10:15 AM - 10:30 AM
[SSS04-06] Geological evidence of postseismic fluid discharge along an fossilized megasplay fault
Numerous quartz-carbonate mineral veins occurs in the footwall damage zone of the Nobeoka Thrust. Yamaguchi et al. (2011, EPSL) pointed out veins filling fault plane is dominated by ankerite, while high-angle extension veins are filled with quartz-calcite. They interpret that change in mineralogy reflect the temporal fluctuation in redox state of preseismic/coseismic stages. Recently, Otsubo et al. (2016, Island Arc) and Kawasaki et al. (2017, Island Arc) reanalyzed orientations of veins, and presented that high-angle quartz veins were more likely to reflect postseismic stress field of vertical sigma-1. Saishu et al. (2017, Scientific Reports) demonstrated that timescale for silica precipitation into the veins is comparable to recurrence interval of large earthquakes in subduction zones, and therefore precipitation potentially controls earthquake recurrence.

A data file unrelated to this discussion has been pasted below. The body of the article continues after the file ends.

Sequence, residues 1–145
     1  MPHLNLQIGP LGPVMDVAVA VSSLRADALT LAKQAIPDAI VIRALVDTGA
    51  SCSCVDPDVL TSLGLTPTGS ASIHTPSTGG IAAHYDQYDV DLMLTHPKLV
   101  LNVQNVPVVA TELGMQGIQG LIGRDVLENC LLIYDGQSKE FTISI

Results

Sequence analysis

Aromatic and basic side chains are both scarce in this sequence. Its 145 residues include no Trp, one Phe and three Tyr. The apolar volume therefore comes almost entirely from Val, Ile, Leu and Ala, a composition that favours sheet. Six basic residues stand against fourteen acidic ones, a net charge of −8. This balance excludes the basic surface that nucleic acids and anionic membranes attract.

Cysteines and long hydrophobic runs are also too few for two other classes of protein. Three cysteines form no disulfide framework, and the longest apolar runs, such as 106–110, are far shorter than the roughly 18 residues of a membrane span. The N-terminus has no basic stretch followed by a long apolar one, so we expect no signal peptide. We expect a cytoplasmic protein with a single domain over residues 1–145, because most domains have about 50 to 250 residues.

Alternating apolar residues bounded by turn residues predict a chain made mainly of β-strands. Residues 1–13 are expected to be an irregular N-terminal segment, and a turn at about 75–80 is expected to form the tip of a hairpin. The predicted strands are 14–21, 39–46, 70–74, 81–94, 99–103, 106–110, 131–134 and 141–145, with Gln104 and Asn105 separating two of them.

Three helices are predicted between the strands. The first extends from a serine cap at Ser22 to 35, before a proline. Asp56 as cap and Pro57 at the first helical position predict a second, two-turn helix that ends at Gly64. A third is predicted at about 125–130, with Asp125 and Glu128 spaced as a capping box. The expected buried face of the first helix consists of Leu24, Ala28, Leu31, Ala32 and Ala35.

Along the principal slip zone (PSZ) of the thrust, Fukuchi et al. (2014, EPS) pointed out that plagioclase has been altered to form while mica, suggesting the existence of fluid flow along the PSZ. Recently Hasegawa et al. (this meeting) found pseudotachylyte in the PSZ, and at least ~24-512 times of fluid compared to the mass of fault material is necessary to explain relative concentration of fluid-mobile elements in the pseudotachylyte. Timing of such fluid flow is limited to postseismic stage, because adjacent rocks do not show remarkable chemical anomalies.
All the structural, mineralogical and geochemical findings from the PSZ and the footwall damage zone of the Nobeoka Thrust imply that postseismic fluid discharge widely occurred along the thrust. Similar fluid flow pattern is expected in the megathrust at ~5km below the seafloor of the Nankai Trough.